Archive for the ‘H.P. Lovecraft’ Category

SOUNDTRACKPHISH-“The Birds” (MGM Grand Garden Arena, Friday 10, 31, 2014).

In honor of Halloween, these Ghost Box stories will be attached to a recent Phish Halloween show [with quoted material from various reviews]. 

Known for dawning musical costumes to celebrate [Halloween], Phish broke with tradition last year to offer a set of original music.  The Phish Bill read that Phish’s musical costume would be a 1964 Disney album of sound effects – Chilling, Thrilling Sounds Of The Haunted House.  But it wasn’t a cover set. Phish played original music set amongst an incredibly psychedelic, theatrical graveyard stage accentuated by zombie dancers and a ghoulish MC.  At the start of the set, the stage was cleared before a graveyard came to the foreground.  Smoke filled the air, zombie dancers appeared, and music filled the venue. A haunted house was brought to the front of the stage, which eventually exploded, and all four-band members appeared, dressed in white like zombies. 

“Some people keep birds as pets in their home.  Not you.”

This is a groovy song with some cool pauses with staccato drums and a heavy riff.  The song is littered with lots of samples of “They attack!” a sample that has been used regularly since in various shows.

Mike’s got a nasty fuzzy sounding bass while Page plays the organ rhythm.  At the end Trey and Mike play each other a solo off (complete with bombastic drums from Fish).

The set’s penultimate song, “The Birds,” showed off what Phish meant in the Playbill when they called Chilling, Thrilling Sounds of the Haunted House one of the heaviest albums of all-time. They feasted on a groove that recalled the best of Traffic, Black Sabbath and Abbey Road era Beatles. All the while, a spoken word sample of “They Attack!!” was worked into the sound. It was on “The Birds” that Mike Gordon shined most as he connected with McConnell and Fish on a dark and dirty progression that Trey shredded over. The song continued with Gordon and Anastasio facing off against each other and dueling it out for a few glorious moments as Page hit his keys for more “They Attack!!” samples. Eventually, [they] hooked up on an intense progression they worked over with Anastasio unleashing a wave of riffs that would’ve made Jimi Hendrix proud.

The ending is some pounding staccato chords with samples of “They Attack!”  It’s a very strong ending.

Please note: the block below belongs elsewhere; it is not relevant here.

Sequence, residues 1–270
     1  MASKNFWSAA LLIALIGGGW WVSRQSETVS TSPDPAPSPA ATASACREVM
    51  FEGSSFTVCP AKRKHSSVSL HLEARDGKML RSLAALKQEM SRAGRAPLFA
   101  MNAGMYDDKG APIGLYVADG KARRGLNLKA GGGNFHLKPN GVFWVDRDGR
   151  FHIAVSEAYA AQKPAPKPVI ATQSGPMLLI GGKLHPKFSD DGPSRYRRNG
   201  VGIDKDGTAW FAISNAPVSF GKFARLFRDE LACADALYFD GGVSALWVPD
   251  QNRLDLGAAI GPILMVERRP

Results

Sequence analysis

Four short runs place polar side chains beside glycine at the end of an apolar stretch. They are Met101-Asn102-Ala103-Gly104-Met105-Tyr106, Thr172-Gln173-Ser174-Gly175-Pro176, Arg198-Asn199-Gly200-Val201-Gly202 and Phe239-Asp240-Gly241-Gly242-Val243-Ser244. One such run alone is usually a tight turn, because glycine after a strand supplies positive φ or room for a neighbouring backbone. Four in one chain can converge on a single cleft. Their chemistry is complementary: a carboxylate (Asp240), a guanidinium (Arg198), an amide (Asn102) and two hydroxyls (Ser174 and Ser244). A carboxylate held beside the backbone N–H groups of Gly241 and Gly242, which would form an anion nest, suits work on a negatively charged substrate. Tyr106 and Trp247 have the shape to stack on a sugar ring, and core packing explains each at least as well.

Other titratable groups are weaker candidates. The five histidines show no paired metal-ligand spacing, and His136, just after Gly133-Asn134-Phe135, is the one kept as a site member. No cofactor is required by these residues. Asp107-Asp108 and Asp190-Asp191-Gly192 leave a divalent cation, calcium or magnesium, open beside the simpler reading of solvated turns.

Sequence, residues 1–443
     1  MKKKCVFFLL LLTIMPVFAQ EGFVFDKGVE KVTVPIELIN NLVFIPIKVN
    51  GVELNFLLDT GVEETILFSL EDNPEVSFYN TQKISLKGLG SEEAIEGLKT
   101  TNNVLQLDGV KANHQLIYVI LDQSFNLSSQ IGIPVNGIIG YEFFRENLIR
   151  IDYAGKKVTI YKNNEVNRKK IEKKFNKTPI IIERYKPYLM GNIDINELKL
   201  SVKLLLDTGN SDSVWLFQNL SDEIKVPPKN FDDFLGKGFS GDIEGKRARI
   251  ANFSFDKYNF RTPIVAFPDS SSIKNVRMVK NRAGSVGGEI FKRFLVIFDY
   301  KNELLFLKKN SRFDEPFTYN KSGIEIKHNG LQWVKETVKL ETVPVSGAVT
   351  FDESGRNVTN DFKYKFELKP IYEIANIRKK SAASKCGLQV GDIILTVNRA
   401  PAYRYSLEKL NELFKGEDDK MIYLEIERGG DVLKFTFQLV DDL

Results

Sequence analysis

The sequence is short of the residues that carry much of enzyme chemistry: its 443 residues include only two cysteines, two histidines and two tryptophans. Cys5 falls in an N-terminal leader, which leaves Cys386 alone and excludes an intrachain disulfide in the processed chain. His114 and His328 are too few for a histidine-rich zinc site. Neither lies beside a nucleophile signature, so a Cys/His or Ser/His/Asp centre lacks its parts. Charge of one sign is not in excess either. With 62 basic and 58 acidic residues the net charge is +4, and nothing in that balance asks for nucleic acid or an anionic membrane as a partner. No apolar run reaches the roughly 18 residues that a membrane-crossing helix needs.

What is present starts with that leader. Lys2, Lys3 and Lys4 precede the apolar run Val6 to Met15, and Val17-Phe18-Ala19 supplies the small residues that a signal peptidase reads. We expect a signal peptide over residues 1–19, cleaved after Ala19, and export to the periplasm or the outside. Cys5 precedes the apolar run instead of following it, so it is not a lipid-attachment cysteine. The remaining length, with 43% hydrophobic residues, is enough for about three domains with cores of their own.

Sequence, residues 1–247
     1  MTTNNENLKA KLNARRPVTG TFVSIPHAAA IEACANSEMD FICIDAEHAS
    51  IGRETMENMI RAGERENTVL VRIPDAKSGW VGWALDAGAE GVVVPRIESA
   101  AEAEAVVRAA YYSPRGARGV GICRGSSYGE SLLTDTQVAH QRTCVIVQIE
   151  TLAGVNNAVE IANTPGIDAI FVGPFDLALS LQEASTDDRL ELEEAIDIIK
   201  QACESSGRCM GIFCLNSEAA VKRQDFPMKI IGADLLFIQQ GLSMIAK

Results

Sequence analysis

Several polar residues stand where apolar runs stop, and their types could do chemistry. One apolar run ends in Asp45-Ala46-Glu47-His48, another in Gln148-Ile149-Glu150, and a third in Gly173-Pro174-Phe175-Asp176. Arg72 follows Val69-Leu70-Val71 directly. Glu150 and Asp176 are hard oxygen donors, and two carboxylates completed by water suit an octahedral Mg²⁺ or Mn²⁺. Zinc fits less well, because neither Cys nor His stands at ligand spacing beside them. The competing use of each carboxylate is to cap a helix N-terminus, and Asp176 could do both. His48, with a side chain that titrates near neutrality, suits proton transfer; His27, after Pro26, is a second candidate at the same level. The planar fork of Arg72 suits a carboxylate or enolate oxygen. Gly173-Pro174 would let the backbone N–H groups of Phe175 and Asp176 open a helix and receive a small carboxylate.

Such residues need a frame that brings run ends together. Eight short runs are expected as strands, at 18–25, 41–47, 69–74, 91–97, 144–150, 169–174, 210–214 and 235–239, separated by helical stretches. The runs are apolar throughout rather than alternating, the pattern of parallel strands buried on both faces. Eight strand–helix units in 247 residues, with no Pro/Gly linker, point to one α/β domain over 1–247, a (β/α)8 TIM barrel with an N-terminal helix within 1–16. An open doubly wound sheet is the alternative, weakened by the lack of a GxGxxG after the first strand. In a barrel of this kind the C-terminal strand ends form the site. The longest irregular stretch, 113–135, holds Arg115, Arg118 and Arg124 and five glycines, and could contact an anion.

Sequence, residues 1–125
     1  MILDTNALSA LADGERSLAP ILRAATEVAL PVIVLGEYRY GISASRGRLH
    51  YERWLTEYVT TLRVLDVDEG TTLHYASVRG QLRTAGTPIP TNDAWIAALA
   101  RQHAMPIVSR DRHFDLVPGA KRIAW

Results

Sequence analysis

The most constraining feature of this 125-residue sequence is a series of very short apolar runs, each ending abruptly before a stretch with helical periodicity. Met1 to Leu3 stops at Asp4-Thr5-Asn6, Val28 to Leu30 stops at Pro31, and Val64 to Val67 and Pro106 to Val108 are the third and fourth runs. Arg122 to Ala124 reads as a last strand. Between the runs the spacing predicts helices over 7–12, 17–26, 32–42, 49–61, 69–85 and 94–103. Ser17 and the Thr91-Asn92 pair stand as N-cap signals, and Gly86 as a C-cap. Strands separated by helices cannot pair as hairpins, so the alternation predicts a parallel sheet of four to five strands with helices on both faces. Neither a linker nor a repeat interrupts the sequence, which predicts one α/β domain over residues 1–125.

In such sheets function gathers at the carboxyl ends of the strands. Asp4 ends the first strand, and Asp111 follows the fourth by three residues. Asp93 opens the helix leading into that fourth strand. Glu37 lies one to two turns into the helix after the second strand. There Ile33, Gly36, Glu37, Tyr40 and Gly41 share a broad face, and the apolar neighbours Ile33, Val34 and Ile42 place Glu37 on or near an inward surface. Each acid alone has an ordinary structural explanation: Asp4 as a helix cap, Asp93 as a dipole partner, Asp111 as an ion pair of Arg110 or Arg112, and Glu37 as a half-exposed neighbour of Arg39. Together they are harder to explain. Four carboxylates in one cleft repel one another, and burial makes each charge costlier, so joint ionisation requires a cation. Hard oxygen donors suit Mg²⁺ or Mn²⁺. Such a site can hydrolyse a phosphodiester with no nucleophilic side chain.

[READ: October 16, 2017] “The Treader of the Dust

Just in time for Halloween, from the people who brought me The Short Story Advent Calendar comes The Ghost Box.

This is a nifty little box (with a magnetic opening) that contains 11 stories for Halloween.  It is lovingly described thusly:

A collection of chilly, spooky, hair-raising-y stories to get you in that Hallowe’en spirit, edited and introduced by comedian and horror aficionado Patton Oswalt.

There is no explicit “order” to these books; however, on the inside cover, one “window” of the 11 boxes is “folded.”  I am taking that as a suggested order.

This story opens with a quote from The Testaments of Carnamagos.

John Sebastian had had a debate and argument with himself.  He was typically a recluse but he was so upset, he had left his house for three days–an unheard of absence. (more…)

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catSOUNDTRACK: LORDE-“Royals” (Live on KCRW, August 2013).

lordeLorde is evidently a huge hit in her native New Zealand.  Not bad for a sixteen year old.  And, indeed, her voice is not bad at all for a sixteen year old–she sounds much older (and perhaps it’s not even worth mentioning her age, but KCRW did, so I will too).  She has a deep and sophisticated voice (in the way that young Fiona Apple blew me away with the intensity of her voice on her debut).

The song itself is quite plain (as are all of the songs on her entire KCRW performance).  There’s primarily percussion (some really interesting choices there), simple keyboard notes or washes and (quite often) multi-layered voices–all prerecorded).  And she sings over the sparseness with her powerful throaty voice.

Interestingly, for being a popular success, her songs aren’t all that poppy.  They are certainly not bubblegum and some of the tracks are quite dark.  (Although lines like, “let’s go down to the tennis court, talk it up like yeah” certainly don’t speak to any depth).  And yet the songs are “topical” according to Lorde herself.

“Royals” might be the least interesting of the tracks during the set, and while I like it, I’m not sure why it became so huge.  But fair play to her.

[READ: August 8, 2013] “Four O’Clock”